Studies on the perils of polyester underwear and the personality of rocks win Ig Nobel Prizes
10 winners from five continents were celebrated at the annual show for studies in fields ranging from physics to neuroscience.
Not every scientific study can be about weighty topics, like gravity waves or gene editing. Sometimes you can gain a true scientific insight by discovering that mammals of vastly different sizes require roughly the same amount of time to empty their bladders, or by noticing that people who speak 10 disparate languages all came up with a version of the word “huh.”
That’s why we celebrate the Ig Nobel Prizes.
These awards are bestowed every fall by the editors of the Annals of Improbable Research. There are 10 winners in a range of categories, which typically include fields such as physics, neuroscience and mathematics (but which also may include entomology, safety engineering or acoustics).
The prize-winning scholarship may sound silly, but that doesn’t mean it’s trivial. On the contrary, said Ig Nobel Master of Ceremonies Marc Abrahams, “Every winner has done something that first makes people laugh, then makes people think.”
It’s clear that winners are more flattered than offended. This year, they flew in from five continents (at their own expense) to pick up their awards: a clock with 61 seconds, a 10-trillion-dollar bill from Zimbabwe, and a handshake from Nobel laureates Roy Glauber (physics, 2005), Dudley Herschbach (chemistry, 1986), Eric Maskin (economics, 2007) and Richard Roberts (physiology or medicine, 1993).
The ceremony, at Harvard University’s Sanders Theater, also featured a “mini-opera,” very short lectures on such topics as fluid dynamics, a few “moments of science,” a tic-tac-toe tournament and the customary tossing of paper airplanes.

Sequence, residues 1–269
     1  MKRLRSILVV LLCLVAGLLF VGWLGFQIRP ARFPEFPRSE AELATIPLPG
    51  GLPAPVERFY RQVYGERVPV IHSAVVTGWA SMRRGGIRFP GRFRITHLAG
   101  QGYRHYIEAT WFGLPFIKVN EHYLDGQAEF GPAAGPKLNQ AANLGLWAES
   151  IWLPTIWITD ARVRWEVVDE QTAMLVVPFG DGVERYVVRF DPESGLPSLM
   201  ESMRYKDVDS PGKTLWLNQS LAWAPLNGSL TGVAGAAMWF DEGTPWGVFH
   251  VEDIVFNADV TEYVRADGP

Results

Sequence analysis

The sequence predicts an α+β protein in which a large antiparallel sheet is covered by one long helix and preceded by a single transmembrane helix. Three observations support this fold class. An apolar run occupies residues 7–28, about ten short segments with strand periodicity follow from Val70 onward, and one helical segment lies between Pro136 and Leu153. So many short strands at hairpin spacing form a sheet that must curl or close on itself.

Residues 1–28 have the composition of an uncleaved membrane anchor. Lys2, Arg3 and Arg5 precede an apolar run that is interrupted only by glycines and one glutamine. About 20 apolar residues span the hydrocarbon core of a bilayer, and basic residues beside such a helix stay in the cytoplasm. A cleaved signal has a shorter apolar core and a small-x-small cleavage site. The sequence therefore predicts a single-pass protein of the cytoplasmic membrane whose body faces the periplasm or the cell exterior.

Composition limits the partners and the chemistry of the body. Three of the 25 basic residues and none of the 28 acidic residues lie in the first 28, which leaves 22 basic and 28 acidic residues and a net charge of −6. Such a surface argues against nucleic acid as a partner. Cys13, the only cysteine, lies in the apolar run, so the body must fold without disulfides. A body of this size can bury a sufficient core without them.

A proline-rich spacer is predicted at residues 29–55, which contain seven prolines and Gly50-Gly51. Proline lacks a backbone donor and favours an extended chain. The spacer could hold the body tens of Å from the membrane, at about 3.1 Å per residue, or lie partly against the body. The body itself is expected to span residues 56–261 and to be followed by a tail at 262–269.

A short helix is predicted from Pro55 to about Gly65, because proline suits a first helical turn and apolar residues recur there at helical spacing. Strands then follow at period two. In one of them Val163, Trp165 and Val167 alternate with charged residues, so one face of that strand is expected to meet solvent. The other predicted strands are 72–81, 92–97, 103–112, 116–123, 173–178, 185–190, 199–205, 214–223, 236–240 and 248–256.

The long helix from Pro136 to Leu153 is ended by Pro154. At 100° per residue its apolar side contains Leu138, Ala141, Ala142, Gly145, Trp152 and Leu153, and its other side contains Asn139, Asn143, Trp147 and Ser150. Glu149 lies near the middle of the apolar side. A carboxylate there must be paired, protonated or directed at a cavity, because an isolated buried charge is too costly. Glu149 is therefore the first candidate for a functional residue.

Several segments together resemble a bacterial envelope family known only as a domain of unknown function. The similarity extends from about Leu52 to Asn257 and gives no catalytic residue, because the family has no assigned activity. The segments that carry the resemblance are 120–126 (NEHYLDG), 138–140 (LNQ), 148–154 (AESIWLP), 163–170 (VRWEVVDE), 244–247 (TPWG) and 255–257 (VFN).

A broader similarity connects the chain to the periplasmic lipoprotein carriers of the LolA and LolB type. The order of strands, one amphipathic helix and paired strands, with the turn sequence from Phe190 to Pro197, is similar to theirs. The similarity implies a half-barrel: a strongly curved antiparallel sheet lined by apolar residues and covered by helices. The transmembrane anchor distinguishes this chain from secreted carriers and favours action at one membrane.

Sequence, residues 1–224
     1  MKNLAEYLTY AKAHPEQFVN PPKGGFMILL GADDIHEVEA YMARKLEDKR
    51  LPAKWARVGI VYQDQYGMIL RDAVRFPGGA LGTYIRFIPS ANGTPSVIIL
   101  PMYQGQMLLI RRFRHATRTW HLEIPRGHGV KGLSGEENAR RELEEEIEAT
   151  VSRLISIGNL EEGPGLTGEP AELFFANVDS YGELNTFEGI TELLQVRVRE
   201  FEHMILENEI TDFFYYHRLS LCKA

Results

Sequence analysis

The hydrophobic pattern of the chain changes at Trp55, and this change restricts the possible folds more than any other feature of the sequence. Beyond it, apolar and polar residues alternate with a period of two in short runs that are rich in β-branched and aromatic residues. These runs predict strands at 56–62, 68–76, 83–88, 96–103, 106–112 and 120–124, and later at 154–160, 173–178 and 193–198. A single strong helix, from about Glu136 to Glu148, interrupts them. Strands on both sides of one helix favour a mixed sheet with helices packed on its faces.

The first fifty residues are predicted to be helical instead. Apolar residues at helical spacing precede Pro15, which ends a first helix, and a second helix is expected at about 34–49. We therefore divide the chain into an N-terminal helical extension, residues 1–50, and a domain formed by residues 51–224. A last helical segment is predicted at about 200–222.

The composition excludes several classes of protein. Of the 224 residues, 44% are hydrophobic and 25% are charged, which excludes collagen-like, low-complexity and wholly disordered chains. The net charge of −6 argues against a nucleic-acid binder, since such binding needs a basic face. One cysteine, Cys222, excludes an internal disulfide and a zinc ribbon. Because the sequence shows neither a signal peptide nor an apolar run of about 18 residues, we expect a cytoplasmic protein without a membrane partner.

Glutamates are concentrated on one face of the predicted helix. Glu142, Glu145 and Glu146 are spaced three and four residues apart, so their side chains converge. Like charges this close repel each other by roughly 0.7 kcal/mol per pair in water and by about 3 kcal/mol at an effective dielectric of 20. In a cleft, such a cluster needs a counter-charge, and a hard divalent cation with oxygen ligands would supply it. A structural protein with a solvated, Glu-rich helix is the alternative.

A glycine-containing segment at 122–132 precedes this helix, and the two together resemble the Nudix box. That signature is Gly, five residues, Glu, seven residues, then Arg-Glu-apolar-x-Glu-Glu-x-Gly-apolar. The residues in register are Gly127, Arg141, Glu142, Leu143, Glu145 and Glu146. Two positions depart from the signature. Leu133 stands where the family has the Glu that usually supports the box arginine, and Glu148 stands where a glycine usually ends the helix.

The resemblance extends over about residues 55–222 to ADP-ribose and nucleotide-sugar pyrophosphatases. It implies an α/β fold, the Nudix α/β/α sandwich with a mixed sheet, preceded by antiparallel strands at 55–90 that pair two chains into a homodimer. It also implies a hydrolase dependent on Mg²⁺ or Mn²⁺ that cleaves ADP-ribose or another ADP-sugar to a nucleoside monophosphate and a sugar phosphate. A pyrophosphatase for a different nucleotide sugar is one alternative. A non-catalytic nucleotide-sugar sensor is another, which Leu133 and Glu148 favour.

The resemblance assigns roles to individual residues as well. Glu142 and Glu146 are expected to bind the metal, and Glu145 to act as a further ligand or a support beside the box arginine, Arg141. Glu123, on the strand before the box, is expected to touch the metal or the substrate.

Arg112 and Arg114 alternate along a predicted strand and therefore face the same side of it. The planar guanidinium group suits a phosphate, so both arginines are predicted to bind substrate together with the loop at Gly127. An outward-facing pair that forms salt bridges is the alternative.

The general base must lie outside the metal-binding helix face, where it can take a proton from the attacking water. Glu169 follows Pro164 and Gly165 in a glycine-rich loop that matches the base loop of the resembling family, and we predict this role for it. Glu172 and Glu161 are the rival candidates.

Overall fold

Here’s the complete list of this year’s winners:
REPRODUCTION: Forget Viagra. Men who have trouble in the bedroom might be able to solve their problem with a new pair of underwear. The late Ahmed Shafik from Cairo University’s Department of Surgery and Experimental Research discovered that polyester-containing undergarments significantly reduced the sexual success of male rats. In his experiments, rats forced to wear 100% polyester underwear for an entire year were 87% less likely to complete an attempted sexual encounter than they were in their pre-underwear days. Rats that donned underpants made from a 50-50 cotton-polyester blend saw their success rate fall by 71%. All of the rats saw their sex lives return to normal six months after ditching the trousers. Apparently, the problem with polyester was that it generated an electrostatic potential in the genital area — an average of 443 volts per square centimeter for rats wearing 100% polyester and 239 volts per square centimeter for rats in the hybrid fabric. All-cotton and all-wool garments had no measurable effect. The results were published in the journal European Urology in 1993. (Be sure to check Figure 1 on page 2 of the study.)